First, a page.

Gathering metrics such as incident rates, customer service calls and reporting on the decline or increase in them is a common practice used to measure levels of Reliability. Unfortunately, this is a poor way to measure Reliability, because it gives no indication of how your Products may respond to future or unforeseen events. Metrics such as these are considered lagging indicators⁸ because they are only obtained after an event occurs.

The sign at the front gate boasting the number of days since the last recordable accident is more likely a sign of good luck than good safety management!⁹

Attempting to improve Reliability by basing your reporting and follow-up actions on lagging indicators will lead to reactive action cycles. Furthermore, teams acting on such indicators can lose sight of bigger issues as they optimise just to improve incident reporting. This lack of big-picture focus coupled with reactive actions from lagging indicators over-time, can cause a needlessly more complex system to emerge. One that is never consolidated and optimised properly, causing greater issues to your business as patches and band-aid solutions further obscure fundamental flaws in the system.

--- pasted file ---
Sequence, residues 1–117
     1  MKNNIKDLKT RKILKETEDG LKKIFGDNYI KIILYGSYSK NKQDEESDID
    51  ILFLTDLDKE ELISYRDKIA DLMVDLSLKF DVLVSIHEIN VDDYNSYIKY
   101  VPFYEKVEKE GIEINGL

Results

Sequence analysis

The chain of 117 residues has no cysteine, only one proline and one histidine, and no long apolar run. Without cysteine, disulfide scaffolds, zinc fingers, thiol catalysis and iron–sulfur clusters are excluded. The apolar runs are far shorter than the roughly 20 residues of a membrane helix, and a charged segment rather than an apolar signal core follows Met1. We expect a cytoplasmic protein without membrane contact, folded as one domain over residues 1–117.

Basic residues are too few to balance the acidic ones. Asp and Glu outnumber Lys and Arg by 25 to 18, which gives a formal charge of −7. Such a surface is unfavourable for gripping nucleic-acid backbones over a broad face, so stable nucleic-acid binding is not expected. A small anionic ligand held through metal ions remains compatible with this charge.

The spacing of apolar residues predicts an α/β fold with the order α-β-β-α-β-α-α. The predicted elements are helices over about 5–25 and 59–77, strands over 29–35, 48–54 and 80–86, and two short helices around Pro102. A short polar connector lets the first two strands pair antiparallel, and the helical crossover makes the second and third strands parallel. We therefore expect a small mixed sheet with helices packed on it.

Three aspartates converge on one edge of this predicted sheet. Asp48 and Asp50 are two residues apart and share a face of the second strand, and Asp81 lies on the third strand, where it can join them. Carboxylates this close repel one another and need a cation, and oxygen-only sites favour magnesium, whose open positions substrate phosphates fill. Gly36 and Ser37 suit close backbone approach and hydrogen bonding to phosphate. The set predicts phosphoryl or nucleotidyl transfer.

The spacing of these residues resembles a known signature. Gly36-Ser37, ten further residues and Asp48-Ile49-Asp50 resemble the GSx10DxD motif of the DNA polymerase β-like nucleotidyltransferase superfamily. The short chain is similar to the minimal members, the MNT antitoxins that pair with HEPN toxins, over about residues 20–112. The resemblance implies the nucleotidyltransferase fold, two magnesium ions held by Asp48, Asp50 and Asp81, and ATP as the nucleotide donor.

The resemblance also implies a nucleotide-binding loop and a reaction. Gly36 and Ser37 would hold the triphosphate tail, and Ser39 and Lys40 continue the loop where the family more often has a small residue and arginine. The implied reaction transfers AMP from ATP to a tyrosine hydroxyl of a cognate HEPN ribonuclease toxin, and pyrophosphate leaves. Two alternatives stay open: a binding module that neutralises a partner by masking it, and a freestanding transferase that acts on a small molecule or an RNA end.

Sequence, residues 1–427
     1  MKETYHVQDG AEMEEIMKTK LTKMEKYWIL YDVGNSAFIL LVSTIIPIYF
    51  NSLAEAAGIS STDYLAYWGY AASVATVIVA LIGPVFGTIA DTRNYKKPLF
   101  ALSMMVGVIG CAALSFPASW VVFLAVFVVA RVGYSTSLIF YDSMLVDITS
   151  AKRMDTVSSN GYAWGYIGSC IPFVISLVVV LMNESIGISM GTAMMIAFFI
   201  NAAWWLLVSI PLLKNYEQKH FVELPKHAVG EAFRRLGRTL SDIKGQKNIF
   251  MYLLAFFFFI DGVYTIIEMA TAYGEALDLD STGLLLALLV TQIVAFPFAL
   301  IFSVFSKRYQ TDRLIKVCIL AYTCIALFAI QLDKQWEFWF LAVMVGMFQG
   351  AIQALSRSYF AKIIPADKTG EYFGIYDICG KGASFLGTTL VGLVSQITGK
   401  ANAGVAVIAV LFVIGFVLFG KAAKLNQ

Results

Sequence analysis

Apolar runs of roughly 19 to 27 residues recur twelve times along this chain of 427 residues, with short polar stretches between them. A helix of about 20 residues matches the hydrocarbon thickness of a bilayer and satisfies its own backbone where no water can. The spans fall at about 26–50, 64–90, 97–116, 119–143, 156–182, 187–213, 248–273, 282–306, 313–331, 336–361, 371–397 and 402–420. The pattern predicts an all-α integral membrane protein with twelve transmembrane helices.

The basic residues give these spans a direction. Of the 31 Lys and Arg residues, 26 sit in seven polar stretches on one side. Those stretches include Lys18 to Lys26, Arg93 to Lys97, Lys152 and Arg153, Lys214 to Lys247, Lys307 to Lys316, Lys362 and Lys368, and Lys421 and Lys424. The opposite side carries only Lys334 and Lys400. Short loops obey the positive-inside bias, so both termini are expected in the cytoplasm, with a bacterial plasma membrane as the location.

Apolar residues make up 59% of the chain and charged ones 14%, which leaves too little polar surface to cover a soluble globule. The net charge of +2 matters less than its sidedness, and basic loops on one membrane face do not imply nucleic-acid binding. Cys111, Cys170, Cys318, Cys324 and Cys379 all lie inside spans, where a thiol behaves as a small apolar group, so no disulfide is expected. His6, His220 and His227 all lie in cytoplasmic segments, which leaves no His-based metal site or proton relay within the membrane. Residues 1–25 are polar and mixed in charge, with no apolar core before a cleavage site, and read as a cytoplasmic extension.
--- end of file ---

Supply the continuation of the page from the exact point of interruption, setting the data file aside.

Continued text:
Lagging indicators are not all bad though, they are good for highlighting patterns and should indicate the need to establish more Leading indicators in areas of concern when they start to become frequent.